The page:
• a fan writes about the conflicts between traditional SF fandom and media fandom:
    Yes, I scratch my head about the Media vs. SF fandom rivalry, too. Any type of rivalry puzzles me -it's such a non-growth emotion. However, this one is quite real and one you're like ly to run up against the longer you stay 1n either fandom--or both, for that matter. I was in the N3F's apa for a brief while, and in my first contribution mentioned that I'd written for ST and SW zines since 1976, although I planned to try my hand at writing material original with me from now on. One of the other apa members, a BNF well-known for his dislike of media fandom, congratulated me for "escaping" media fanzine writing, since 1t tends to "stunt a writer's growth". In my next apazine I wrote him a couple narrow-margined, single-spaced pages assuring him that, far from stunting my growth, media fanzines provide a place for new writers to learn their craft and get feedback, even if they're not ready to be professionals, and that I probably never would've known I could be a creative writer if not for media fandom (high school sure didn't do it for me). In the next mailing after that, he didn't answer even one word to all my verbiage, which led me to believe he didn't want to admit that media fandom might not be a vast wasteland after all—but couldn't come up with any valid counterarguments. He's that sort of person. And there are a lot more like him in SF fandom. I'm afraid there's little we can do about it.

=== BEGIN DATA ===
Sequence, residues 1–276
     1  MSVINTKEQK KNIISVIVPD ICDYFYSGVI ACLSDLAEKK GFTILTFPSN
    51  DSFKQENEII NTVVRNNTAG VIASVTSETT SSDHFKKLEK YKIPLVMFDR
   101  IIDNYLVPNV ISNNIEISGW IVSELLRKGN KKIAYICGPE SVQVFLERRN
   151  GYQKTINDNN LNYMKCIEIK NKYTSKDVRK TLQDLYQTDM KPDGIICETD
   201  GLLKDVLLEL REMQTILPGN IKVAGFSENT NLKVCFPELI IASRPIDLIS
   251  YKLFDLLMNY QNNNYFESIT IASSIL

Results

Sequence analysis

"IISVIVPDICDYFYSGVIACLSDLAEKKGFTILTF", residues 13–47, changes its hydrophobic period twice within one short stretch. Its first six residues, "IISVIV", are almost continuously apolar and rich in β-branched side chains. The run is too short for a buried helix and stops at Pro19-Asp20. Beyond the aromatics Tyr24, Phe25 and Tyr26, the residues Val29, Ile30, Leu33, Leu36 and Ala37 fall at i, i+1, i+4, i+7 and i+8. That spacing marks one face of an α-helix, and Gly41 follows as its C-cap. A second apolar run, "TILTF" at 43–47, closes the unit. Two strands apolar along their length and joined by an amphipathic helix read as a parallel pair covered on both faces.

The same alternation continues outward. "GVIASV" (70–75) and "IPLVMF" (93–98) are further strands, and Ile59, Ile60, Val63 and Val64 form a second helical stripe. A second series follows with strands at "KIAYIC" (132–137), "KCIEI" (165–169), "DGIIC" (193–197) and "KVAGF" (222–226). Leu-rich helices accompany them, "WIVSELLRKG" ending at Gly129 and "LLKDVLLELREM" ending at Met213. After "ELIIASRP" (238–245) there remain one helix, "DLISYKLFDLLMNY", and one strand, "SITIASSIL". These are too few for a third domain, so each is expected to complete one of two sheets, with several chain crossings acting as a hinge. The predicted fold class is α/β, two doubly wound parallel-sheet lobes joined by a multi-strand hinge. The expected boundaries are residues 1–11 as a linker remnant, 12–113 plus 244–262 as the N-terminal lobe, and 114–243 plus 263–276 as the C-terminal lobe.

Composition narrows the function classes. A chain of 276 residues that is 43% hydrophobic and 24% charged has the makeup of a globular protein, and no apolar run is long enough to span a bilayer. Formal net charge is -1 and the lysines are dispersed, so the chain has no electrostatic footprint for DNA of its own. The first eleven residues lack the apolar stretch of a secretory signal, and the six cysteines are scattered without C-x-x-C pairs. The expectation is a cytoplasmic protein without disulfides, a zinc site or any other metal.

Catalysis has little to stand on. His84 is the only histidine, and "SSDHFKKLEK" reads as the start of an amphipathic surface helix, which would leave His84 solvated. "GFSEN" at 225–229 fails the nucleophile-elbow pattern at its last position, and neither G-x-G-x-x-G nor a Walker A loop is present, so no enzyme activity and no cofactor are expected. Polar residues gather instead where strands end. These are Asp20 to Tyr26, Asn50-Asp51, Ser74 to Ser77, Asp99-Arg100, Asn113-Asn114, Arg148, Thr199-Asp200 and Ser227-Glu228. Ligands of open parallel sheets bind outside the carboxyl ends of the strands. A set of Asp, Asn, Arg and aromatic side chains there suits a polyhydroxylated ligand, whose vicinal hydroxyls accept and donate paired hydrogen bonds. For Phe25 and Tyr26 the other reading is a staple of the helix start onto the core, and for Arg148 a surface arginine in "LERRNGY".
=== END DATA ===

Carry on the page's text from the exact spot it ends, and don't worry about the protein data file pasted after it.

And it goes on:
• more on SF and media fans:
I tend to "see" media fandom as more creative-more artistic--than SF fandom. Too, SF fandom seems to be more "organized" to my way of seeing. There are more "clubs" and the cons seem to be more oriented to the making of money than do cons such as MediaWest which is a fan's con. I am fond of both fandoms, but I do consider media fandom to be my first fandom and my primary home. Is not jealousy and insecurity the usual basis of most disputes and animosities? If a fandom is "different", it does not mean it is worse or less worthy, only that it 1s different. I enjoy different fandoms. They help to make a many faceted reflection with prism lights dancing in front of the mind's eye. It would be nice if each would honor the other. Communication between the two is one way to start this process. This way each can learn there are "good" people within each branch of the tree.
  • more on SF and media fans: